Electronics

For servo motors we chose to stick with proposed Hitec HS-311, because they have good price/performance ratio and do their job pretty good.

But for microcontroller we decided to replace Arduino Uno with a more compact alternative – Arduino Nano, which is more than enough for our needs. Setting up Arduino Nano is straightforward – just upload “Firmata Standard” sketch using Arduino IDE and you are ready to go. We soldered custom board with a on/off switch for servo motors and connections to Arduino board.

Our custom made electronics board
Our custom made electronics board

For the sake of convenience we added capacitor as well, so we only need one cable to power both Arduino and servo motors. Finally we added a ground cable running from Arduino to stylus pen so that the mobile device screen registers touches properly.

Backend

Robot’s backend server runs on Nodejs. To make it more scalable we divided all the libraries in separate files. For communication with the Arduino board we are using johnny-five library. We tried to setup Nodejs server on Raspberry Pi to make the Robot completely standalone, but faced several issues with some libraries that are not well supported on ARM processor. We plan to dig deeper on this issue.

For communication with external resources we implemented both REST API and Socket.io Websocket libraries. REST API is more useful when there are just some actions that need to be executed by test framework but Websocket is more handy to synchronize data with the frontend app and exchange calibration data.

The source code is available here – https://github.com/guntiss/tappy

Calibration process

Correct robot and device calibration is very important to achieve maximum precision performance. Calibration consists of two parts:

  • Robot arm calibration;
  • Testing device calibration.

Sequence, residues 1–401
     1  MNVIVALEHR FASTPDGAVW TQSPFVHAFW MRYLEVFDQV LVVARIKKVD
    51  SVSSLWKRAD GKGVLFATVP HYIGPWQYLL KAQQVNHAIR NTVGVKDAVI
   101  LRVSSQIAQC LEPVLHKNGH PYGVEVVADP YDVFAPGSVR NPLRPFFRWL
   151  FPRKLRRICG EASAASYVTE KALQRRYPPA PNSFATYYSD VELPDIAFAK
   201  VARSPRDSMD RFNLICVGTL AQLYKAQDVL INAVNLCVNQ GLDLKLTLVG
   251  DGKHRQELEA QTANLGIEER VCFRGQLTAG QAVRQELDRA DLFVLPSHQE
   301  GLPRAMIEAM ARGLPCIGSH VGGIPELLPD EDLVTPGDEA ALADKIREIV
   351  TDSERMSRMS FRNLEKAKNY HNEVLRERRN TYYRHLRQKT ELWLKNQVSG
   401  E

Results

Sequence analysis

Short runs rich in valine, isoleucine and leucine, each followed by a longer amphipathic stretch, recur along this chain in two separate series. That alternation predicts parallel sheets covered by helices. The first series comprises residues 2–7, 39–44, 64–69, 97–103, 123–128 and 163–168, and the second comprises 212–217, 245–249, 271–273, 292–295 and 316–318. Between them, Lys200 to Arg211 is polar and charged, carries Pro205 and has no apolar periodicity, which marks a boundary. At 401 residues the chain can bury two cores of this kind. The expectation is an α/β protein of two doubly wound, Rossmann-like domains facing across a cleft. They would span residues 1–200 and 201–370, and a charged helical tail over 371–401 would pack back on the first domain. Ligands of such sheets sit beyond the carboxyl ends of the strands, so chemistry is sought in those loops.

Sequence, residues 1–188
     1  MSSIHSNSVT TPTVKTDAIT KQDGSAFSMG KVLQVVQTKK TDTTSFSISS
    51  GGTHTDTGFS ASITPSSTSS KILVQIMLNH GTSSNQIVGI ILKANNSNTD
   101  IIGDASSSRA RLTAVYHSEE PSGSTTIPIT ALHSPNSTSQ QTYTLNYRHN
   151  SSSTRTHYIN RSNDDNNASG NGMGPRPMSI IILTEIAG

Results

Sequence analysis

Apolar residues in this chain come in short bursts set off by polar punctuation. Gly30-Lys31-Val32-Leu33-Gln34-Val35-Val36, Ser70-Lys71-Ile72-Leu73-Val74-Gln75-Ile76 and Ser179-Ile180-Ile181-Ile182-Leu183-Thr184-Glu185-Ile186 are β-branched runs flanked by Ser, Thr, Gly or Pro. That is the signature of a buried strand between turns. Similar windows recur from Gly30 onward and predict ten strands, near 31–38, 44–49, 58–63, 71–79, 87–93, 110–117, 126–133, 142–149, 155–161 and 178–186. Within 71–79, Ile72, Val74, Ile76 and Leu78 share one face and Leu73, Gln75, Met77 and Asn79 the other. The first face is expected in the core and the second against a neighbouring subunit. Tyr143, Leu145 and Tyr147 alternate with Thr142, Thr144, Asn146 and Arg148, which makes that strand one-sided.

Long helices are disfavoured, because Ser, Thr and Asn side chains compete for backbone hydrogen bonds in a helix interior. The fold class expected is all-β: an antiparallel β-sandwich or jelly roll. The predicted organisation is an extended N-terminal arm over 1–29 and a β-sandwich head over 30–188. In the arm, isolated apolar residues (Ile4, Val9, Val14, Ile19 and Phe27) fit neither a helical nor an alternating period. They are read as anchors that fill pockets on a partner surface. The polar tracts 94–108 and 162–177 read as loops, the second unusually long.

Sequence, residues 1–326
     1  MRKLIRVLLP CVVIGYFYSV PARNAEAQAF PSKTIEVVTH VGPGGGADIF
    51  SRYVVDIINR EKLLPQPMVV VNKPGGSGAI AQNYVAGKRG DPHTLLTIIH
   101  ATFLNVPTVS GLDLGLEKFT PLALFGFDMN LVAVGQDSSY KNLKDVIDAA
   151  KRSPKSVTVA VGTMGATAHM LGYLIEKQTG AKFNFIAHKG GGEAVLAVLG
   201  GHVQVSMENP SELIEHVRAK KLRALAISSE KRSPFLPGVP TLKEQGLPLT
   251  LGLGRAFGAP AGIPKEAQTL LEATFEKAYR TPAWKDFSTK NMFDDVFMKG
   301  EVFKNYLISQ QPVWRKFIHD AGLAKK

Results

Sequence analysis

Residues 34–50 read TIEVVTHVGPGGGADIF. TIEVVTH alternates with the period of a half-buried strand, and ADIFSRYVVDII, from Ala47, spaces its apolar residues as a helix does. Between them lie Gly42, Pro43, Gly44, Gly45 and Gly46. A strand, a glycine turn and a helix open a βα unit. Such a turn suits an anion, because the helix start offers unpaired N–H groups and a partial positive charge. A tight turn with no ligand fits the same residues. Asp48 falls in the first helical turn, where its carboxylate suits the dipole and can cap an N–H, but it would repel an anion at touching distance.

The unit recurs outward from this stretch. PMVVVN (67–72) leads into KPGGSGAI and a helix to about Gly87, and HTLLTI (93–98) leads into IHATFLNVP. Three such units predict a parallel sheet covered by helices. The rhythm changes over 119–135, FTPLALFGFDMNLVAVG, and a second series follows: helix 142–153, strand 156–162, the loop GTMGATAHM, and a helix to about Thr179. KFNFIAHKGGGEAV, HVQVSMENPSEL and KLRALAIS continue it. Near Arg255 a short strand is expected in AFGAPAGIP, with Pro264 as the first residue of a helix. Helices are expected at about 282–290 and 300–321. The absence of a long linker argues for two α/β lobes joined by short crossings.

To be able to calculate end effector’s position in 3D space we need to use kinematic transformations. Therefore we need to calibrate robot arms so that we can set them precisely anywhere from 0° to 90° angle. Arm calibration is done manually by detaching rods from arms and setting all 3 arms to horizontal state (0°) and then to vertical state (90°). This way we can map servo motor angles with the base. Values are stored manually at calibration file, since this process needs to be done only once unless arms are detached from servo motors.

Next step is device calibration which is necessary to be able to work with testing device screen coordinates. Thus we need to map two different coordinate systems – robots working plane with the device screen.

Coordinate system before and after device calibration
Coordinate system before and after device calibration

The problem we faced with device calibration was that we needed to install a custom application on the test device to calibrate it. It was really inconvenient, which is why we developed a browser based calibration solution, because every device has a web browser already installed. The process is pretty simple – there is a running Nodejs web server on backend with socket.io listener and on the mobile device we just navigate to the calibration page.

Calibration page opened on mobile device
Calibration page opened on mobile device